Category: Racialicious Roundtables

April 23, 2013 / / Racialicious Roundtables


Hosted by Tami Winfrey Harris and Andrea Plaid with featured guest, Sikivu Hutchinson, author of “Moral Combat: Black Atheists, Gender Politics, and the Values Wars”

Tami: Kumaré follows a filmmaker, Vikram Gandhi, who transforms himself into a fake guru to explore the concepts of blind religious faith and devotion to spiritual figures. It is interesting that Vikram and his assistants–all American-born and -raised–adopted accents in the subterfuge, playing off the magical brown person/foreigner trope.

Andrea: Would he be believable if he didn’t take on the accent?

Sikivu: Channeling the authentic brown magical mystery tour exotic (and I’m thinking specifically here of the sixties cult of the Maharishi Mahesh Yogi legitimized in the West by mega-celebs like the Beatles) wouldn’t be complete without the right “Orientalist” lilt.

Tami: There are plenty of American religious/spiritual figures who inspire a devotion similar to that demonstrated by Kumaré’s followers. But I also think his race and faux accent provided a short cut of sorts.

Andrea: And I think that shortcut allowed the subterfuge to be more successful. Deepak Chopra wouldn’t be where he is if he didn’t have his accent.

Tami: …or if he were named Bob Henderson. It’s the otherness that adds credibility.

Andrea: Great minds, sis! That’s why I see some white people adopt “exotic” names when they become gurus or get deep into yoga.

Sikivu: Yes, and the drooling idolatry of Kumaré’s mostly-white female acolytes underscores this—I know a number of lib/progressive white women who have adopted trendy “yogic”  names to buttress their devoutness and confer them with the Eastern mystic equivalent of “street” cred.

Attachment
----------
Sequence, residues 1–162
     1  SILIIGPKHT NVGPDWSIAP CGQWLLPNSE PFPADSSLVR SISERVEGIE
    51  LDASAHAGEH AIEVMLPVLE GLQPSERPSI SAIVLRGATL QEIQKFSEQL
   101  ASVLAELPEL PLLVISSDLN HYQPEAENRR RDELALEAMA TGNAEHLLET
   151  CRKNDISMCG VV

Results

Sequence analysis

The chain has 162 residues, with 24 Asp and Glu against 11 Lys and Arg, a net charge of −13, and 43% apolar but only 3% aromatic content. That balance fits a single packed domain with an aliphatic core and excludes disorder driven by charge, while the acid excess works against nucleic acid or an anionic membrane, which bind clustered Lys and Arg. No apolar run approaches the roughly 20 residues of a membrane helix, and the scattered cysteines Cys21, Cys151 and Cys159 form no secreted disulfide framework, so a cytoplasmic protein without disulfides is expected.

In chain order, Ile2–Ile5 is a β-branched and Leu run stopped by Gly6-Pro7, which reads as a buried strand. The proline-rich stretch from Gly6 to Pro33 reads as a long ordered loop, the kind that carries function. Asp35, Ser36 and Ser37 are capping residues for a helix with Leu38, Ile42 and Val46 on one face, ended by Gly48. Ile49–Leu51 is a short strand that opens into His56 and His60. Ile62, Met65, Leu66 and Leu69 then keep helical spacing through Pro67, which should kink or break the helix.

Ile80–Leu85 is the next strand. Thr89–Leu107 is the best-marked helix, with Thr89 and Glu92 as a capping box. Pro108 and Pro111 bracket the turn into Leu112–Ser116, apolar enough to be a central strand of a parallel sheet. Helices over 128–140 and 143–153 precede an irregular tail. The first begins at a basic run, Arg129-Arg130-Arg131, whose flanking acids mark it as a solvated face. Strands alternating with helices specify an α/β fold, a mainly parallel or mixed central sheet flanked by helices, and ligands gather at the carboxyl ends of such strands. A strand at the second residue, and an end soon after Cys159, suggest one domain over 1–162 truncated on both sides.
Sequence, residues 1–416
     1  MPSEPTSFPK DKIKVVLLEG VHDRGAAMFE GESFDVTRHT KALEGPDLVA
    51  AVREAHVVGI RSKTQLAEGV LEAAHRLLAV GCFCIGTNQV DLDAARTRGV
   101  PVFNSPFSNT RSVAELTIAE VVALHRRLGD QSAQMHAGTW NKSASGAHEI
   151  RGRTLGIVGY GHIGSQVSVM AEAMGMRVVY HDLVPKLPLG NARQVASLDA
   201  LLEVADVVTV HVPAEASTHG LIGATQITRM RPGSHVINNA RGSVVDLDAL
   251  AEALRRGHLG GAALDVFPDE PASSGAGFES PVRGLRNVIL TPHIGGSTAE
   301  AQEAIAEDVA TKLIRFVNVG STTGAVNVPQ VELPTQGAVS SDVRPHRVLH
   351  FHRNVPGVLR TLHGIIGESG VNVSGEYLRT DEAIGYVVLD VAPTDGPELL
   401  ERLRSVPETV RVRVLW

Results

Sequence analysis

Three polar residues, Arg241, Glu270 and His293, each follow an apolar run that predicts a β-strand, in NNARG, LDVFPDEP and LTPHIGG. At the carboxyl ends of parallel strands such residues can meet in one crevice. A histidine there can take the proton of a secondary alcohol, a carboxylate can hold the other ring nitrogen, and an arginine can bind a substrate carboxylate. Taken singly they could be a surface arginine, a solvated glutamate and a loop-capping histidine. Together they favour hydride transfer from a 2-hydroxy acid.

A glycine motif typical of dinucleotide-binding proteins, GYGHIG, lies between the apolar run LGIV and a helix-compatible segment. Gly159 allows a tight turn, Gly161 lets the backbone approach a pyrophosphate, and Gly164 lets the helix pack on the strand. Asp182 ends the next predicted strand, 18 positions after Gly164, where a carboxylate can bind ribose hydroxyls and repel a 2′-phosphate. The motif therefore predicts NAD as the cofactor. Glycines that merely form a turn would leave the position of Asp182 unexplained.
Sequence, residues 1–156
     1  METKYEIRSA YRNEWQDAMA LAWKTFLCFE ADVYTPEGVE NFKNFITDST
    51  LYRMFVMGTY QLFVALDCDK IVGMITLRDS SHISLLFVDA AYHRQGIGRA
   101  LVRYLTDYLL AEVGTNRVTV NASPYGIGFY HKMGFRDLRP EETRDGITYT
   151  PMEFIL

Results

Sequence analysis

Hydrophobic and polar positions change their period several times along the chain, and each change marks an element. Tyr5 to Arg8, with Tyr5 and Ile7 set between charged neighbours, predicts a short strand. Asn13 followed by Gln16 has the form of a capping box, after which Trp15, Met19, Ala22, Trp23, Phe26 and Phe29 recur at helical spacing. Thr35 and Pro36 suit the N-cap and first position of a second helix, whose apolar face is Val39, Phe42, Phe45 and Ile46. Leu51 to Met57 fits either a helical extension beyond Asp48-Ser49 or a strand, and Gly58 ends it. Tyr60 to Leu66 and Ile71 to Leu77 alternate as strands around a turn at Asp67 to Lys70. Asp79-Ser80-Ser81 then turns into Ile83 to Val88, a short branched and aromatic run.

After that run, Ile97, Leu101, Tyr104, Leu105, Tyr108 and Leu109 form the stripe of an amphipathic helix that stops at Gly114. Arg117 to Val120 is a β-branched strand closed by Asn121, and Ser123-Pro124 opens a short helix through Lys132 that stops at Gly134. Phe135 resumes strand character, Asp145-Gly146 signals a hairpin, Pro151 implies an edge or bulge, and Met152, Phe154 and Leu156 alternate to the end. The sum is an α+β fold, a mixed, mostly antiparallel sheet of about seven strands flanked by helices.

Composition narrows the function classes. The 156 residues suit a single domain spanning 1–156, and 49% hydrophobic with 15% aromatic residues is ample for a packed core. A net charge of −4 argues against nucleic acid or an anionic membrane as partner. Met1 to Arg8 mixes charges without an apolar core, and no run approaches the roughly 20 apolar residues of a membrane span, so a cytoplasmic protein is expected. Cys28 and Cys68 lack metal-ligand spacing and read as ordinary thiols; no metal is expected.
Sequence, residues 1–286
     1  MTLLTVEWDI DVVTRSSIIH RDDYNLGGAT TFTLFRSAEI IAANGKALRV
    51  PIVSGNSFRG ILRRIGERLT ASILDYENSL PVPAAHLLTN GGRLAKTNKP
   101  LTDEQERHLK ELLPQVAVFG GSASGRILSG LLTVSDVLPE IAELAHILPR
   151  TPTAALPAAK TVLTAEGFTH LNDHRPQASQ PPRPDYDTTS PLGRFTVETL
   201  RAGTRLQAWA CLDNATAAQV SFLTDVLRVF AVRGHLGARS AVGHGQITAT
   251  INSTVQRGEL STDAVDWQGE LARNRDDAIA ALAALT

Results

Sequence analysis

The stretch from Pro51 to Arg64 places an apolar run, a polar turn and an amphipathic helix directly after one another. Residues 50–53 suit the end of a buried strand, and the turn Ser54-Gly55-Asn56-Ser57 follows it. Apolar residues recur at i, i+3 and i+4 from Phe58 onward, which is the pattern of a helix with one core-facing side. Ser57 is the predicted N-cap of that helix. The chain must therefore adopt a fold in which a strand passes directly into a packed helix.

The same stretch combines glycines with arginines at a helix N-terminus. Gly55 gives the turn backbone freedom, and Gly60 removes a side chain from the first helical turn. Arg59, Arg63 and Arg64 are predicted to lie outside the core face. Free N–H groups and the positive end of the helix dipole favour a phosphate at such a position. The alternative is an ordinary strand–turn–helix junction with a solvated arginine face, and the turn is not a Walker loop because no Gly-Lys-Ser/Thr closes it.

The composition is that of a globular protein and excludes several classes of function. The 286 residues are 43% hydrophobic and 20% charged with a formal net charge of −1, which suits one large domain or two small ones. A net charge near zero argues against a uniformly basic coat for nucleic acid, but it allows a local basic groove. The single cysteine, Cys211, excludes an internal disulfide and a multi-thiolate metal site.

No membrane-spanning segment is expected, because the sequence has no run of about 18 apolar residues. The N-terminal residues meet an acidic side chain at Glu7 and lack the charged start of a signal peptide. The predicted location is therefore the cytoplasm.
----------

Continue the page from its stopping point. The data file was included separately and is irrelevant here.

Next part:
Tami: This ties into the biased belief that brown people (and I say that meaning all brown peoples–black folks, Native Americans, etc.) are inherently plugged into something

Filmmaker Vikram Gandhi
Jersey-born filmmaker Vikram Gandhi outside of his Kumare costume

beyond the physical world…some magic. And that “magic” can be positioned positively or negatively, but it is part of the mantle of “other.” By adopting guru “drag,” the filmmaker successfully plugs into that idea. A brown guy with short hair and a clean-shaven face in jeans and a button down, may be too Americanized (read: normal) to work his magical mojo.

We went to see this awful movie, The Last Exorcism II, and at some point (of course) the protag goes to visit a black roots woman in New Orleans. I commented to my husband about the character’s vaguely African headwrap and her exaggerated accent. But the viewer would likely not have accepted that part if she had a Queen Bey lace-front and sounded like a black Brooklynite or had my Midwestern twang. We like our magical brown people unassimilated.

Sikivu:  And the noble savage sexuality of Kumaré goes hand-in-hand with the way the film trots out and parodies the West’s eternal fascination with the Magical Negro/Indian/Asian (take your pick) other.  The blond woman gushing in her living room about how Kumaré has “touched her life” looks practically orgasmic.  So much of this guru shtick is tied up with the charade of liberating the repressed uptight “rationalist” white folk from their shackles a la Norman Mailer’s “White Negro” paradigm pimping “black soul” as antidote to all that ails the modern white man.  A brilliant send-up on this theme is “The Couple in a Cage,” by Guillermo Gomez Pena and Coco Fusco—they mounted a performance piece where they pretended to be indigenous primitives displayed in their “native habitat” for the delectation of mostly white museum-goers seeking authentic savage artifacts.  While there was no overtly religious element to it, the Western impulse to gain validation through the body/essence and “shamanic” wisdom of the other is similar.